Taylor wants the world to see her as beautiful, smart, worthy and strong. But she hasn't learned to see herself that way. She allows people to walk all over her--from her best friend Sunny to her boyfriend Logan to the people in her high school. Taylor allows herself to shrink back and blend in with the crowd in the hopes she will find a place of her own. It takes her the duration of the book to discover her strength, her voice and to finally realize she had it all along. She makes a great many mistakes, behaves recklessly, treats people with disrespect and scorn and lies. But she gets through the otherside finally discovering the truth she had missed all along: the people who really love you will accept you without conditions.

Sunny is the opposite of Taylor and fairs no better. She is popular, accepted and cunning. She vomits judgment and gossip on everyone she meets. She speaks her mind with no filter and doesn't seem to care if it hurts someone's feelings or not. She drinks, parties, cusses like a sailor, makes out with who she wants when she wants, uses people and tosses them aside when she's done and takes what she wants, only asking for forgiveness if she really feels like she should.

Taylor and Sunny don't come off like good people nor does their friendship come off as one to envy, at least on the surface. As the flashbacks uncurl and the back story unfolds, readers discover Taylor and Sunny are just two teenage girls trying desperately to find a place in the world. Like most people, especially young people, they think if they dress, act, speak like those around them, they'll fit in. They let the world define who they are and tell them who to be. But that has torn them apart little by little on the inside thus tearing apart their friendship. It wasn't always dark and broken. Like any relationship, Sunny and Taylor, without realizing it, chose different paths and became different people and didn't quite know how to face up to the truths to themselves and to each other.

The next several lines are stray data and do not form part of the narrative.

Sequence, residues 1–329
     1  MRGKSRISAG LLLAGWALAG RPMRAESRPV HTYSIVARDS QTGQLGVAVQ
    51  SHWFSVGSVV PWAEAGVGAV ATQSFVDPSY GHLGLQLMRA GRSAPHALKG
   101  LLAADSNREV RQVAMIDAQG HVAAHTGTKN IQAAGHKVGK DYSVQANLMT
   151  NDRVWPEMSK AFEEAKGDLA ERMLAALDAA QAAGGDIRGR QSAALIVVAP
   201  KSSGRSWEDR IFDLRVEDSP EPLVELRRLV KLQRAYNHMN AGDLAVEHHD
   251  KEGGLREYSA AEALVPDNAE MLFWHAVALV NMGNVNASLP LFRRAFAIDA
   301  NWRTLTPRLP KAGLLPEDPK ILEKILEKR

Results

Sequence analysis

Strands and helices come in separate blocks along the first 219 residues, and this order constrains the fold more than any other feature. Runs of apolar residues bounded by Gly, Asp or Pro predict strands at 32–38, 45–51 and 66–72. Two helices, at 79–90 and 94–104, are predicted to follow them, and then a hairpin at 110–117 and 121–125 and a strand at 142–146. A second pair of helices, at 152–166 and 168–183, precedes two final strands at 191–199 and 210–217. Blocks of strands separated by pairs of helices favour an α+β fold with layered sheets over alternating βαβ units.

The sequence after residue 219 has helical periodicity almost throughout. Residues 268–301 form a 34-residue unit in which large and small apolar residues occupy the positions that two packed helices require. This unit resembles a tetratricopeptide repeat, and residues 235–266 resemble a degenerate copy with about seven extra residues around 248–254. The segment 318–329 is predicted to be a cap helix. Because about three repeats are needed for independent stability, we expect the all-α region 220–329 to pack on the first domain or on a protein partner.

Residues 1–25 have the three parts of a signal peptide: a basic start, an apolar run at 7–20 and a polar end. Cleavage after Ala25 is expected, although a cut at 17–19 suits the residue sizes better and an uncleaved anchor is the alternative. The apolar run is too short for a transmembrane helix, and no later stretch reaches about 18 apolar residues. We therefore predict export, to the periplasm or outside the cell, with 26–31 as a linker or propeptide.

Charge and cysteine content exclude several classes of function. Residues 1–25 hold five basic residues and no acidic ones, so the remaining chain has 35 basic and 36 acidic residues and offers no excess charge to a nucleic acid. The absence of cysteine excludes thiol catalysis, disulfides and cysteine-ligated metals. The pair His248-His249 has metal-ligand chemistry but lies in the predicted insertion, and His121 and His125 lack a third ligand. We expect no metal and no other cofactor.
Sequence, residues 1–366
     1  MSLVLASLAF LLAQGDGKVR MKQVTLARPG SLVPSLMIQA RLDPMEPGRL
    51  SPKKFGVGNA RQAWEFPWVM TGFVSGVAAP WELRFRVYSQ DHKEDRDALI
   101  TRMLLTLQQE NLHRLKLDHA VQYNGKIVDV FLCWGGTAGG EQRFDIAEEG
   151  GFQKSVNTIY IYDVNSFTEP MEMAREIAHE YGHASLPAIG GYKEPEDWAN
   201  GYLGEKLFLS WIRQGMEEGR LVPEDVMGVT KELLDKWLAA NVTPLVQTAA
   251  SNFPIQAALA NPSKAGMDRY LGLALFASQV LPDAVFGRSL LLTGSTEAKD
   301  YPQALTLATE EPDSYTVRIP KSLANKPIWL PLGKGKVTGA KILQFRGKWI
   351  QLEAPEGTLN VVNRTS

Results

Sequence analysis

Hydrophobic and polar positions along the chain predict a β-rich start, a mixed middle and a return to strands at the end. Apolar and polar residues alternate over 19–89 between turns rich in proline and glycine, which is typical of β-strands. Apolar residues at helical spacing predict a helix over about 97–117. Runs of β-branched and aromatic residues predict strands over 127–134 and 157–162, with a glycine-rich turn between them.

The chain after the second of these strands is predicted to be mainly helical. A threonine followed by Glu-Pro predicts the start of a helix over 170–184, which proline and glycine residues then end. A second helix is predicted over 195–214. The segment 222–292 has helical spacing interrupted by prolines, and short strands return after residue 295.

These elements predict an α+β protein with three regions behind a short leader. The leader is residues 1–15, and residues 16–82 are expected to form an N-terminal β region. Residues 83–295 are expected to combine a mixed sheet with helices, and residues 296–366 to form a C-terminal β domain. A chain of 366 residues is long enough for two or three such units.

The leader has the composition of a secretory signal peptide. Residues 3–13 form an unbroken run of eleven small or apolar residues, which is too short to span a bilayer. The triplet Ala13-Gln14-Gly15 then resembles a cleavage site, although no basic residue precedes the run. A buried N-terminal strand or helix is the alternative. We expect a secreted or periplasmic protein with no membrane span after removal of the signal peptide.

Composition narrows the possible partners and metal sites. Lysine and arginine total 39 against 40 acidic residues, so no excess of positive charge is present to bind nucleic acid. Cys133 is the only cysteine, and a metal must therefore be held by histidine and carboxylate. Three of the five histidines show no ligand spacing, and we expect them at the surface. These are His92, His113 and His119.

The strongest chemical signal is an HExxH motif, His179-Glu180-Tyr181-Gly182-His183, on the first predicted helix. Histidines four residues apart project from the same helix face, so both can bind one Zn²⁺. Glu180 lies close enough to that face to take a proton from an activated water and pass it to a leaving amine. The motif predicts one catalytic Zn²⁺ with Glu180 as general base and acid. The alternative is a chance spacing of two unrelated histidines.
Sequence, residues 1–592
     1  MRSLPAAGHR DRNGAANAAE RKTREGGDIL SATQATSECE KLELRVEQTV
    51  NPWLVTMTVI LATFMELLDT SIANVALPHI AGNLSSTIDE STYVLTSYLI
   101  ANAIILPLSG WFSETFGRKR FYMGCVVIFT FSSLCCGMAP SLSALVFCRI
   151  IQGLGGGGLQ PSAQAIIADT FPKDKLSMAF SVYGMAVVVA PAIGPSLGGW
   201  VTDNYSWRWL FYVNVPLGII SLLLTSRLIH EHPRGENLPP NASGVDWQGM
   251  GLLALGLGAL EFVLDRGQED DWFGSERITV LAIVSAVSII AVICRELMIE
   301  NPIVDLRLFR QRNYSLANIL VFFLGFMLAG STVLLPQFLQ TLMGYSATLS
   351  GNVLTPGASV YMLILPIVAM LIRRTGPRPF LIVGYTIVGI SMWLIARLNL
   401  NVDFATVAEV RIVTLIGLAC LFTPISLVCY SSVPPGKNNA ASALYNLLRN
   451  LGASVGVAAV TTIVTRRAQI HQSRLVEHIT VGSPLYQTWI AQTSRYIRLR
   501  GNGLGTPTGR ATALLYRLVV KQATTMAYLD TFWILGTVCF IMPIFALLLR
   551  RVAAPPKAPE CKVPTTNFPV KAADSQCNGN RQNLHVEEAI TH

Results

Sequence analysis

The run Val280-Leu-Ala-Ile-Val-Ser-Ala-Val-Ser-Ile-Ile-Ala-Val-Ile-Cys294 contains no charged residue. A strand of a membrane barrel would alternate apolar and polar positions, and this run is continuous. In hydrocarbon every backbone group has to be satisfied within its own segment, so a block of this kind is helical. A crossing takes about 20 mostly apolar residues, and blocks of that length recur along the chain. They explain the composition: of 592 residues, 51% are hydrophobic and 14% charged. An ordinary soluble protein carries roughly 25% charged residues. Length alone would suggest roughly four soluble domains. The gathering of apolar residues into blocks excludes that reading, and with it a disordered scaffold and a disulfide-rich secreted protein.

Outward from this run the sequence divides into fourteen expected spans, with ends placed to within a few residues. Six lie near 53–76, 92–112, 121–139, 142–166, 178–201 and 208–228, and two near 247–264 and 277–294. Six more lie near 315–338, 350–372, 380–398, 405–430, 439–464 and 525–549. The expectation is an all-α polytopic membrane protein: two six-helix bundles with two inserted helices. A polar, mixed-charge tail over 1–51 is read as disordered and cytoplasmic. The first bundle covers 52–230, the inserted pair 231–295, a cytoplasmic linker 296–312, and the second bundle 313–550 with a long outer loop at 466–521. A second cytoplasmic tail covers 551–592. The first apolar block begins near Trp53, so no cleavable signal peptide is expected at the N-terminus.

The book is not necessarily a book you will fall head over heels for in the sense that your heart will skip merrily though the fields (or you know, your bedroom *hehe*), but it's the type of book that offers reflection. Readers will be able to sympathize with the characters even while disliking them. They will be able to relate to the characters at certain points even while trying to pretend they don't. Every person has known a Taylor or Sunny at some point or has behaved as a Taylor or Sunny at some point. We've all been lost, broken, terrified to let the world see who we really are, terrified by rejection, and desperately wanting to be loved.